It has a reputation for being smelly, chaotic and less than safe — but the Cairo I discovered was exciting, alluring and invigorating.
After attending the Cairo International Film Festival, I stayed on for a day or two to explore — and now I can’t wait to go back!
Here are some ideas for how to spend 24 hours in Cairo.
You have a big day ahead, so enjoy a relaxed breakfast at your hotel. The menu will probably feature ful beans and falafel, fresh fruits, delicious breads and of course, thick, dark Turkish-style coffee.
For the more adventurous foodie, there are food carts all over town that offer very cheap eats. Try falafel, eggs, eggplant and french fries!
Your first stop of the day is what you came all the way to Egypt for — the majestic Pyramids of Giza, which were built around 2500 BC. Don’t feel you have to buy everything or anything from the hawkers on the short stroll from the bus or taxi station up to these wonders of the ancient world, as you’ll be heading to the markets later. However, if you do decide to shop, it’s all about negotiation. Either ignore the approaches (of which there’ll be many) or start haggling!
Once you’ve had your fill of Pyramid selfies, it’s time for a camel ride. Be aware that the herder may suddenly hike the price once you’re in the saddle and a virtual hostage. Be firm with them and agree a price prior to climbing on board. By the way, camel riding lessons are not part of the service. You just have to suss it out en route, but lean forward on the uphill and back on the down; and be prepared for a sudden little trot every now and then.
Finish living out your Lawrence of Arabia fantasies, then head to the Great Sphinx of Giza to sit and contemplate, rather than snap and run.
Egyptians have been feasting on pigeon since 3,000 BC, so be brave and try this local delicacy. They’re not the scavengers you see flapping around the city. Pigeons sold as food have been raised on farms. They taste like a cross between chicken and rabbit, and come stuffed with rice.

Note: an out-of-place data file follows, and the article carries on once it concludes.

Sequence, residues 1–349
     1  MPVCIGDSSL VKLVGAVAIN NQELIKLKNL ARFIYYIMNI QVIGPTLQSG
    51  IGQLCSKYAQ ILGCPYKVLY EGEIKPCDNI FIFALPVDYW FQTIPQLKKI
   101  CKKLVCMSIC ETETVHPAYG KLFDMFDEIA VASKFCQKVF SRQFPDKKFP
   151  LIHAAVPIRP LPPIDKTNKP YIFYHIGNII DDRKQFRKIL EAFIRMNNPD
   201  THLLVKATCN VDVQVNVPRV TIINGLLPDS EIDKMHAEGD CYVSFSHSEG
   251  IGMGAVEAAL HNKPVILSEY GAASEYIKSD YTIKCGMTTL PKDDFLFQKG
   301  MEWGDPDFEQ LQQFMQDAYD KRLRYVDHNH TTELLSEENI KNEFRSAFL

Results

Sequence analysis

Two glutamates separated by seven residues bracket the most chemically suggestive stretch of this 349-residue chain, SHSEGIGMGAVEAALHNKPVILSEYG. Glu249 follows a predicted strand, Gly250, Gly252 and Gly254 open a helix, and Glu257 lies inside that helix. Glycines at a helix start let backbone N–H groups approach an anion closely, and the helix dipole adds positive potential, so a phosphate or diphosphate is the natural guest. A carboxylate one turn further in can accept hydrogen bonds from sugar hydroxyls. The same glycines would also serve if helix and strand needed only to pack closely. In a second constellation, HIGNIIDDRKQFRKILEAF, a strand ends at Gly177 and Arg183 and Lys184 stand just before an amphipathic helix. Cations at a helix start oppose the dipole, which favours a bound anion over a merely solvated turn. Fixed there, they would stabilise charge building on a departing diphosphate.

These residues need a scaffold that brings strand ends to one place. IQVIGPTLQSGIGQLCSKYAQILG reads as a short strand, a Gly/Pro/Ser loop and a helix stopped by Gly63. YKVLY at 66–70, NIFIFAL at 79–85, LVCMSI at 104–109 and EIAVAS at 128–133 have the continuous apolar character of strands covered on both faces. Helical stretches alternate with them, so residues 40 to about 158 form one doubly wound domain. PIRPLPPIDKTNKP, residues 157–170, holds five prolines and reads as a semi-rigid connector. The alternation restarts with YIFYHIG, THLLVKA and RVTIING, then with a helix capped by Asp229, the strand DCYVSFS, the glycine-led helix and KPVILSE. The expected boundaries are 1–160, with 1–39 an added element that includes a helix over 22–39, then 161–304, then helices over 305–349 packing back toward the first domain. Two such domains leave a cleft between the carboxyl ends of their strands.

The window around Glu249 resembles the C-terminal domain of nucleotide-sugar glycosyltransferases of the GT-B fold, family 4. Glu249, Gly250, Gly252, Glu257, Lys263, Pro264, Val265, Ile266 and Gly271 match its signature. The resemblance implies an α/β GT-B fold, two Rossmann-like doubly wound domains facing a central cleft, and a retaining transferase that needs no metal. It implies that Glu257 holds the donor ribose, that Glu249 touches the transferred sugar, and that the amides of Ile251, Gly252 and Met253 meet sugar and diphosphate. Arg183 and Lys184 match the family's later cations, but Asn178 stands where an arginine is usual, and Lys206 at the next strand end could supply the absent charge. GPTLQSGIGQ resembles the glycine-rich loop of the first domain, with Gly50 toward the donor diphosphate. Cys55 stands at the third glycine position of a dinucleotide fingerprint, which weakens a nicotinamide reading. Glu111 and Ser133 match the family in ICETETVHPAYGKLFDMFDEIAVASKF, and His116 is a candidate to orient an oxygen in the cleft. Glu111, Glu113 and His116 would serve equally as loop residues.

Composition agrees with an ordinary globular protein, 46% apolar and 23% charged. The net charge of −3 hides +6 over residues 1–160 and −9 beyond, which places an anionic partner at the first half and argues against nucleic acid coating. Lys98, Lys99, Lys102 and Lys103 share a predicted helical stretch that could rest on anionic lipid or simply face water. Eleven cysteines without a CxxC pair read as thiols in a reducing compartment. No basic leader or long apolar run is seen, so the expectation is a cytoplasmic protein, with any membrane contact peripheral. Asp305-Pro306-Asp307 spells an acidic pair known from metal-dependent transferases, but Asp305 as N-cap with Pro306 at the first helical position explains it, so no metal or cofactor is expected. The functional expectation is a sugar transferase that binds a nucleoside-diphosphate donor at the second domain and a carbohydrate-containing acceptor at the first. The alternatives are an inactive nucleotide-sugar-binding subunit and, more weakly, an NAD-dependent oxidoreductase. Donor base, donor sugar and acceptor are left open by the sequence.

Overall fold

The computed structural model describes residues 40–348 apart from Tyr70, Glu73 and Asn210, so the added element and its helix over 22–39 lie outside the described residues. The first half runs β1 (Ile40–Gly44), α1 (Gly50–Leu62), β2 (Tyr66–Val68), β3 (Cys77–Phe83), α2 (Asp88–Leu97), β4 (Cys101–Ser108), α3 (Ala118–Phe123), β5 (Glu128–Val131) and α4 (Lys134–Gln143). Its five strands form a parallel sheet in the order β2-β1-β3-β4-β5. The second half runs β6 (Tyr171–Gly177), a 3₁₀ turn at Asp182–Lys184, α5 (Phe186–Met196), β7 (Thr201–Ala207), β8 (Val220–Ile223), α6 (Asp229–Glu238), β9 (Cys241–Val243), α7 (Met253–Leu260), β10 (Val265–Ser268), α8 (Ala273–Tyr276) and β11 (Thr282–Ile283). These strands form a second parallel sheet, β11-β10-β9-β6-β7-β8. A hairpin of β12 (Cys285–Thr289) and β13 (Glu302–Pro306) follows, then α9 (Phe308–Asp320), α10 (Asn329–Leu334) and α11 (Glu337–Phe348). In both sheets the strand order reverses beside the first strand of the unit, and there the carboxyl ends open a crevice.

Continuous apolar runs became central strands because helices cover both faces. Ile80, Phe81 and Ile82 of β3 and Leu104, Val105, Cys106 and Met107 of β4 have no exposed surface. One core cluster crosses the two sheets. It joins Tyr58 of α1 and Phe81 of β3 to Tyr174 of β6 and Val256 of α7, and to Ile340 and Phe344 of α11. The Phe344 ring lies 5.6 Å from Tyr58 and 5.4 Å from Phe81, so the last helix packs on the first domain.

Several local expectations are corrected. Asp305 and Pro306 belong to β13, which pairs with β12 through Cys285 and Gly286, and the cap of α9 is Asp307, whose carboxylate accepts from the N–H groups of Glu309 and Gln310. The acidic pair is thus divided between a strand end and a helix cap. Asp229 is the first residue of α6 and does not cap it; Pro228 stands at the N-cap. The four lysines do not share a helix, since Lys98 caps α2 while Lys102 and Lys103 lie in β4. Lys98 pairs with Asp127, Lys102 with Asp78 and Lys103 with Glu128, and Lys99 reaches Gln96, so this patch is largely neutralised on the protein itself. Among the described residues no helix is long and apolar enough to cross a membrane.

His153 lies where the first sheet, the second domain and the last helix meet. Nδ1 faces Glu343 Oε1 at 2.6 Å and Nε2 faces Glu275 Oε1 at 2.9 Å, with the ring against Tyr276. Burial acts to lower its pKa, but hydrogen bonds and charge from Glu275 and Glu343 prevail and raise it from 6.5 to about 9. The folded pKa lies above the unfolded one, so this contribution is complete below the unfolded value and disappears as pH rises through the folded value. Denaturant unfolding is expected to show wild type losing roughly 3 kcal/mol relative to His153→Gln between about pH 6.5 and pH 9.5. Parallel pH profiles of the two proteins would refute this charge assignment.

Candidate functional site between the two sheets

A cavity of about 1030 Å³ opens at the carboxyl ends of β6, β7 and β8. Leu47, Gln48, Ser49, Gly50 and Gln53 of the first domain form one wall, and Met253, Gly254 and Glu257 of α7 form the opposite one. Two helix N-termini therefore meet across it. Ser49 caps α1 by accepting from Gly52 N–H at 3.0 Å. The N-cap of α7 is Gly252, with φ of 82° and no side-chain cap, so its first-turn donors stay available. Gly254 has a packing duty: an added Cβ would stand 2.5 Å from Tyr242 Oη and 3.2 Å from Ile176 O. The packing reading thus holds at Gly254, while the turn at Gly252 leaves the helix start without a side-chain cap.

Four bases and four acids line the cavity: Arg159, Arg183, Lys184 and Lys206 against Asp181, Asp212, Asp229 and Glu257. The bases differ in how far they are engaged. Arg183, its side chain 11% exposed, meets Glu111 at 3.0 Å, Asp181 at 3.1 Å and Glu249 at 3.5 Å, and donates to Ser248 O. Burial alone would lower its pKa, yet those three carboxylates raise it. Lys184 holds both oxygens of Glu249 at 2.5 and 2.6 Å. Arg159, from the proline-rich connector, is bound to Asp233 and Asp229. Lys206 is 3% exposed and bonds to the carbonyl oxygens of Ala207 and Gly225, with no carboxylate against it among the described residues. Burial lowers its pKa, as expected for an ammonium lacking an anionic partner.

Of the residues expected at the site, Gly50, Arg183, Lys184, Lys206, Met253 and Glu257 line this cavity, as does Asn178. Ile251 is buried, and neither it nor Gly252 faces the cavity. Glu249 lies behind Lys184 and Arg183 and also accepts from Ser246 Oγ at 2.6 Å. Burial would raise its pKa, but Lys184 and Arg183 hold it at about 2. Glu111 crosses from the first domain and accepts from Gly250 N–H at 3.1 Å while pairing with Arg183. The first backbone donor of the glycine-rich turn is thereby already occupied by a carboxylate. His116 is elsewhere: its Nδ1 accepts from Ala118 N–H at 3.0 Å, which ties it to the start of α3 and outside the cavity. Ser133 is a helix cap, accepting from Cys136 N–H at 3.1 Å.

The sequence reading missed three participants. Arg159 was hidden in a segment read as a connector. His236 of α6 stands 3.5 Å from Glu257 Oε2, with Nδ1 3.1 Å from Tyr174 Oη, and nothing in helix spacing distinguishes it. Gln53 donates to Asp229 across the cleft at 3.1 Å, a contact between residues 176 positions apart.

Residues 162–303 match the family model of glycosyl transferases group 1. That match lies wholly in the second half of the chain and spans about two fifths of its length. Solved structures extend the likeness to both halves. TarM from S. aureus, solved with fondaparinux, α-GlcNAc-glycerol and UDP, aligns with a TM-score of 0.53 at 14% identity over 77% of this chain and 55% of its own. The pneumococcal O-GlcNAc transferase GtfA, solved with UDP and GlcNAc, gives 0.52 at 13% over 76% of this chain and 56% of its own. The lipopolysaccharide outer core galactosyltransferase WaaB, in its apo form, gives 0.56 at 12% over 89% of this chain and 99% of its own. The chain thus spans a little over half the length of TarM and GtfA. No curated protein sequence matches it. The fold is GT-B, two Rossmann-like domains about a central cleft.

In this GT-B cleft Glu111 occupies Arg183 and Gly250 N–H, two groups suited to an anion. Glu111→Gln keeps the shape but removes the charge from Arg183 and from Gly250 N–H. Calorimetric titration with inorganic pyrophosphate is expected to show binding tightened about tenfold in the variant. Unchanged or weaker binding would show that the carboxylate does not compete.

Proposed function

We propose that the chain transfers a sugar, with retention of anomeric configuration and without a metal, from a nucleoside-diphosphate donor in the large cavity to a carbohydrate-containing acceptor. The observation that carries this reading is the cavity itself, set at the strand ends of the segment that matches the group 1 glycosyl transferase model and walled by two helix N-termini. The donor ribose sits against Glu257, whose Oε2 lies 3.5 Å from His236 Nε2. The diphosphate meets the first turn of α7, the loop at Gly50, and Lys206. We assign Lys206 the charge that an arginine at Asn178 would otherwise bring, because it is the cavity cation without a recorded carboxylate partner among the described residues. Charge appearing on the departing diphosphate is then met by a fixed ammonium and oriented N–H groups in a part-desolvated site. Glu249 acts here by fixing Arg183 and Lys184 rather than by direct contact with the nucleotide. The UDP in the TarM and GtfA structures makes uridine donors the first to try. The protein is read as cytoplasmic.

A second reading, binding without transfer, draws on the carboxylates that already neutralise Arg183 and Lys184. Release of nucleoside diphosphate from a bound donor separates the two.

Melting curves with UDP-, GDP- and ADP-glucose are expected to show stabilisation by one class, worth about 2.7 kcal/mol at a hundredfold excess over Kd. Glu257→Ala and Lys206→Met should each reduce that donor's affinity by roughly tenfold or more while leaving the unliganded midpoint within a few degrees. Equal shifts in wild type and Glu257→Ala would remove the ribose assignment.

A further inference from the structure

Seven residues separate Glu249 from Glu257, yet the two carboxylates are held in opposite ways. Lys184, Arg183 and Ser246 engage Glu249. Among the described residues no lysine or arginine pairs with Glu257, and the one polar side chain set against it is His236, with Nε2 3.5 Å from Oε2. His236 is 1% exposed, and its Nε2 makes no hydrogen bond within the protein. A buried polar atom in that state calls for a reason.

Also try mulukhiyah — a delicious and vitamin-rich green garlicky soup, and kushari — the famous rice, pasta and bean staple. Abu El Sid Restaurant, just opposite the Marriott, is a good option. There are several of these traditional dining rooms around Cairo, with delicious authentic cuisine and prices mid way between the food carts and chic hotel bistros.
Take a break from the heat and hawkers by catching a flick. Cairo is the Hollywood of North Africa and its classic films are a delight. They provide a window into the city’s rich heritage. The 1940s to 1960s are considered to be the golden age of Egyptian film. Head to an Art Deco cinema like the Metro, which opened in 1940.
The other option to beat the heat (well, sort of) is the Egyptian Museum — home to a vast collection of Egyptian antiquities (some 160,000 pieces). The death mask of Tutankhamun is a must-see.
It’s time to brave the Khan el-Khalili bazaar. This very busy souk, inspired by the Cairo of times past, is in the Islamic centre of the city. While you may sometimes feel like a walking dollar sign, chill out and enjoy the ride. Decide your budget before you circle in on something you actually want and prepare to haggle with the best. You can find lotus perfumes, hand-made leather bags, musical instruments, shawls, jewellery and even glow-in-the-dark papyrus!
If you need a break, stop and order a mint tea at a popular café and listen to the music of the old men jamming and the street sellers pitching, mixed in with the call to prayer from the neighbouring mosques.
Enjoy a well-earned aperitif at Aperitivo Bar at La Bodega in the well-to-do neighbourhood of Zamalek in Western Cairo. They do a mean martini.
There are plenty of great places to eat in Zamalek. Omar Sharif’s son Tarik has a terrific little Italian restaurant called La Trattoria, which offers great service and a relaxed ambience. The fact that you don’t have to scream to have a conversation is a bonus.
Cut loose with the locals and shake your booty to the mixes of local DJs at After 8 or the Cairo Jazz Club.
Cairo-based Australian jazz singer Michelle Rounds runs the Cairo Jazz Festival and performs around town throughout the year — including at the Cairo Jazz Club. Check local gig guides for details.
Ruby travelled as a guest of the Cairo International Film Festival.
Do you have any tips for how to spend 24 hours in Cairo? We would love to hear from you. Please leave a comment below.
Additional images: Bigstock
Ruby Boukabou is a travel, culture and food writer based between Europe and Australia. She has written for The Age, The Australian, Qantas, Issimo, The Diplomat, Paris Voice and Inside Film. She has also produced culture and travel stories for the ABC, SBS and Screen Australia. When Ruby’s not writing, she is probably tap dancing. She is a founding member of the Paris Tap Crew (which produces the monthly Paris Tap Jam) and a member of jazz/world music group Le Shuffle Project.